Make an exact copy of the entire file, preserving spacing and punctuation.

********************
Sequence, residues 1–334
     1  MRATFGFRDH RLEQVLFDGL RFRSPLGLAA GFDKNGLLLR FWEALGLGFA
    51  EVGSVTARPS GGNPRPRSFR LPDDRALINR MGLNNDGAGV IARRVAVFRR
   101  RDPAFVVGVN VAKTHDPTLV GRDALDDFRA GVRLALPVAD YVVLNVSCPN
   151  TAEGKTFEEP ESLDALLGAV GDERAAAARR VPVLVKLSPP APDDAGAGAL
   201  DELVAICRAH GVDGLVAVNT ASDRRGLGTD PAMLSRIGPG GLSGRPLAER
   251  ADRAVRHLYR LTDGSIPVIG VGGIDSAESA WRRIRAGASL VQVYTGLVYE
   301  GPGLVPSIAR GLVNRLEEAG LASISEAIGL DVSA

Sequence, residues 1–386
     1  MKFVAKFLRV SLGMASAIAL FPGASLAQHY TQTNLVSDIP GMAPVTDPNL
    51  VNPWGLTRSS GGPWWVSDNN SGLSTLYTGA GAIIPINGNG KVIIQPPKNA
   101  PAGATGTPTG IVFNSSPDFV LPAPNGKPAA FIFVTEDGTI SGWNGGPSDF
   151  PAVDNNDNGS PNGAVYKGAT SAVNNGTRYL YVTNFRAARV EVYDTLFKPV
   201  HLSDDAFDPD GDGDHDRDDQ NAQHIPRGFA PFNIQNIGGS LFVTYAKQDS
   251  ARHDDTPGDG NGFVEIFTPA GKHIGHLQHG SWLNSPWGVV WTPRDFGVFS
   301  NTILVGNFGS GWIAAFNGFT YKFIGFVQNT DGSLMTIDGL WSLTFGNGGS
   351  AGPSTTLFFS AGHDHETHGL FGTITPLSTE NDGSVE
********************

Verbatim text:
Sequence, residues 1–334
     1  MRATFGFRDH RLEQVLFDGL RFRSPLGLAA GFDKNGLLLR FWEALGLGFA
    51  EVGSVTARPS GGNPRPRSFR LPDDRALINR MGLNNDGAGV IARRVAVFRR
   101  RDPAFVVGVN VAKTHDPTLV GRDALDDFRA GVRLALPVAD YVVLNVSCPN
   151  TAEGKTFEEP ESLDALLGAV GDERAAAARR VPVLVKLSPP APDDAGAGAL
   201  DELVAICRAH GVDGLVAVNT ASDRRGLGTD PAMLSRIGPG GLSGRPLAER
   251  ADRAVRHLYR LTDGSIPVIG VGGIDSAESA WRRIRAGASL VQVYTGLVYE
   301  GPGLVPSIAR GLVNRLEEAG LASISEAIGL DVSA

Sequence, residues 1–386
     1  MKFVAKFLRV SLGMASAIAL FPGASLAQHY TQTNLVSDIP GMAPVTDPNL
    51  VNPWGLTRSS GGPWWVSDNN SGLSTLYTGA GAIIPINGNG KVIIQPPKNA
   101  PAGATGTPTG IVFNSSPDFV LPAPNGKPAA FIFVTEDGTI SGWNGGPSDF
   151  PAVDNNDNGS PNGAVYKGAT SAVNNGTRYL YVTNFRAARV EVYDTLFKPV
   201  HLSDDAFDPD GDGDHDRDDQ NAQHIPRGFA PFNIQNIGGS LFVTYAKQDS
   251  ARHDDTPGDG NGFVEIFTPA GKHIGHLQHG SWLNSPWGVV WTPRDFGVFS
   301  NTILVGNFGS GWIAAFNGFT YKFIGFVQNT DGSLMTIDGL WSLTFGNGGS
   351  AGPSTTLFFS AGHDHETHGL FGTITPLSTE NDGSVE